My dad looked at me and said that one of the greatest challenge is to write things which are ordinary and seemingly insignificant. Dad took the book and leafed through the pages and pointed out to me three consecutive paragraphs to prove his point.
"In the sea, Mij found his true, breathtaking powers; until he came to Scotland he had never swum in deep waters, for the lakes and lagoons of his native marshes are shallow. Now he would swim beside me as I rowed in the little dinghy, and in the glass-clear waters of Camusfearna bay, I could watch him as he dived down, down, down through fathom after fathom to explore the gaudy sea forests at the bottom, with their flowered shell glades and mysterious, shadowed caverns. For hours he would keep pace with the boat, appearing now on this side and now on that, sometimes mischieviously seizing an oar with both arms and dragging on it, and from time to time bouncing inboard with a flurry of water.
He caught a number of fish on his daily outings, and in the burn he learned to feel under stones for eels, reaching in with one paw; and I in turn learned to turn over the largest stones for him, so that after a time he would stand in front of some boulder too heavy for him to move, and chitter at me to come and lift it for him.
He loved rough seas too. He rejoiced in the waves; he would hurl himself straight as an arrow right into the great roaring grey wall of an oncoming breaker and go clean through it as if it had neither weight nor momentum; he would swim far out to sea through wave after wave until the black dot of his head was lost among the distant white manes, and more than once I thought that some wild urge to seek new lands had seized him and that he would go on swimming west into the sea of the Hebrides and that I should not see him again. But though there were anxious times when he was away too long for my peace of mind he always came back".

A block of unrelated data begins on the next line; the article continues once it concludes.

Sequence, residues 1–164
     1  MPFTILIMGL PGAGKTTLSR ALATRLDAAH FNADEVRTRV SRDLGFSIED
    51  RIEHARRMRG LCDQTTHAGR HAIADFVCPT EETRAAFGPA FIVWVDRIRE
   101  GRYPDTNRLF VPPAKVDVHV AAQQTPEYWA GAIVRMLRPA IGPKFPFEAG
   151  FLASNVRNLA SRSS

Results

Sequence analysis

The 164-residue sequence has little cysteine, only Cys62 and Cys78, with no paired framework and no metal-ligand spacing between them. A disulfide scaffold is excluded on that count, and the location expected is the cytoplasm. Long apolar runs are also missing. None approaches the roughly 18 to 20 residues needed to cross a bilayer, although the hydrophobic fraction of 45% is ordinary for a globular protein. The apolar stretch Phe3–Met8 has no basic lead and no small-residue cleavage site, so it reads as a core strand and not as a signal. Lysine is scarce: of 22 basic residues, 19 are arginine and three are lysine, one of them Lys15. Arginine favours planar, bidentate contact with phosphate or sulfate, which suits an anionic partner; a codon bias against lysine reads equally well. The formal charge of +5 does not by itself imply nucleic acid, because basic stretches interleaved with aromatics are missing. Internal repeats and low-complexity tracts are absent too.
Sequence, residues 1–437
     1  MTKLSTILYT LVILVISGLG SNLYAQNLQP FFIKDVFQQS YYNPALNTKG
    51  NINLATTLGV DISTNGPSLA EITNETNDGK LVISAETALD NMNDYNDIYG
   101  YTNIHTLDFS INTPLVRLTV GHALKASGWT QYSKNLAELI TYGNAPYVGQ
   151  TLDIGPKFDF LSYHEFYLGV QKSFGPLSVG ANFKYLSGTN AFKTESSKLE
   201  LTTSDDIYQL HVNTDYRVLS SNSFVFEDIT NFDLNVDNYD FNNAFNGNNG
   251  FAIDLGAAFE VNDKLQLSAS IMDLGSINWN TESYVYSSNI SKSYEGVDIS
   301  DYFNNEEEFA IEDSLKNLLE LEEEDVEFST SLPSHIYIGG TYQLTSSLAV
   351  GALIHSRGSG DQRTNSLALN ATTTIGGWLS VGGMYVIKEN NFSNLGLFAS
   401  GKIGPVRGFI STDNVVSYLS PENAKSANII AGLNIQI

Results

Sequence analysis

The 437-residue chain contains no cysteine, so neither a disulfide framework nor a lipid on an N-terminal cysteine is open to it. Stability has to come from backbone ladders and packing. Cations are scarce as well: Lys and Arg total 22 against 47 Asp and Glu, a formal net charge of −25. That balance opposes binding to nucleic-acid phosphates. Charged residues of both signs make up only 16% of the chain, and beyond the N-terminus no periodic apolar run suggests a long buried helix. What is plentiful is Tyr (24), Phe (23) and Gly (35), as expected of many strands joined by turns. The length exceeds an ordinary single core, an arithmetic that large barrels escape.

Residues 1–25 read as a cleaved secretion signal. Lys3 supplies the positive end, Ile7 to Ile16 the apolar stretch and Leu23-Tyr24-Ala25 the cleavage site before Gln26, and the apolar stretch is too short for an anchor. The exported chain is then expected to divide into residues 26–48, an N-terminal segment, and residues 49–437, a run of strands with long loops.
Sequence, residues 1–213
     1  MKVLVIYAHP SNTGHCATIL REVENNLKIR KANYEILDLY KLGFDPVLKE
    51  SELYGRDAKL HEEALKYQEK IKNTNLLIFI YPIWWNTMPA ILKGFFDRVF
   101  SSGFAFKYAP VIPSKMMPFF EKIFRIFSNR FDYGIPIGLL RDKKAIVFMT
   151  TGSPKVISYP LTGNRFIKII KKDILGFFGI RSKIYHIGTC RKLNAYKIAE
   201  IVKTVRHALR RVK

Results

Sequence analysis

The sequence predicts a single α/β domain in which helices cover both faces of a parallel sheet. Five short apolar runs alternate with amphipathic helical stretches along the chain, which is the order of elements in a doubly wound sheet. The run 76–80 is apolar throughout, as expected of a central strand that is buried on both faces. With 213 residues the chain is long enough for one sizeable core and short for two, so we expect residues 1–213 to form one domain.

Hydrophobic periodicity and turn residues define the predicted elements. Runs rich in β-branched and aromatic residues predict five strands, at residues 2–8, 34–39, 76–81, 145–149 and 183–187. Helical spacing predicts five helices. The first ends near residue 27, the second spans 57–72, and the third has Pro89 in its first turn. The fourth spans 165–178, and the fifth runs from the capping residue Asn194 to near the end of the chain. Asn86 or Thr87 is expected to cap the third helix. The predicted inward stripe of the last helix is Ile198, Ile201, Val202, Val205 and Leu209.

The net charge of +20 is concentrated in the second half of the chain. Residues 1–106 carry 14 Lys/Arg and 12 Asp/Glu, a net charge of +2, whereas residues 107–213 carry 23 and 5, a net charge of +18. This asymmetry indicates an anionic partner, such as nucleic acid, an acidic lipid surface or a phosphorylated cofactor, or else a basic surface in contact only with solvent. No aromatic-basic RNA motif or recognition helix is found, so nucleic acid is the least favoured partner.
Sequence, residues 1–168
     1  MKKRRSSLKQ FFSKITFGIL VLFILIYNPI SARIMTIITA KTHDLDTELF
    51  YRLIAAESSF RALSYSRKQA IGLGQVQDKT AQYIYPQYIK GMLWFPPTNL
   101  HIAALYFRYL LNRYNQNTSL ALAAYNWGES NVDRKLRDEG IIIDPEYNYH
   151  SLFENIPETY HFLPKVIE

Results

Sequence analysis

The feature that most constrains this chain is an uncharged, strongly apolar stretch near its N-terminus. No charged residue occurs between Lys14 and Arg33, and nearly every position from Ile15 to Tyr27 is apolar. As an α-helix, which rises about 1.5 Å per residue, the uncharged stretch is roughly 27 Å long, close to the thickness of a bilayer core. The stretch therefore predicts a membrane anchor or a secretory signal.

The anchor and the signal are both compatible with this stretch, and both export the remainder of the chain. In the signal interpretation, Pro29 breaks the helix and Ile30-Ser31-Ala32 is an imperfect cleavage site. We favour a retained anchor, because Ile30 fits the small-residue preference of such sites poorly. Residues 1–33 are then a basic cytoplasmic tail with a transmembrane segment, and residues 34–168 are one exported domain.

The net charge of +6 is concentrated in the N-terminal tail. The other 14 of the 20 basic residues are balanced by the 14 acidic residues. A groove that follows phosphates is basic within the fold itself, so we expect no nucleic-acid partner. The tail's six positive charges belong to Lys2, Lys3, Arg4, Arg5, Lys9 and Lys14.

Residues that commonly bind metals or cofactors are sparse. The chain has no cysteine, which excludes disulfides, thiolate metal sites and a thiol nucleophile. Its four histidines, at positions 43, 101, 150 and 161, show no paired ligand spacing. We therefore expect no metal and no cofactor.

Dad admired the way Gavin describes Mij's actions and the sea. He also impressed on me how the author wrote about his emotions - his anxiety and fear. Dad said Gavin captured the mood of the outing very well. It revealed the intimate relationship between the author and his pet, and the sea that they both love.
I agree with my dad's observation. As I re-read Gavin's dedication I realized why he wrote the book in the first place. It read, "To all, but more particularly children, who also seek understanding between humans and other animals".
I have a cat. Her name is Gila. One day if I were to write an account of my life with her, I will draw inspiration from Gavin's book and his style of writing.
boulders - large rocks
breaker - a wave breaking into foam
burn - (Scot) a small stream
Camusfearna bay - a bay in Scotland
cavern - underground chamber or cave
fathom - a unit of depth equals six feet
gaudy - brightly ornamented
glades - clear area within woods
Hebrides - Scottish islands
marshes - swamps
white manes - sea foam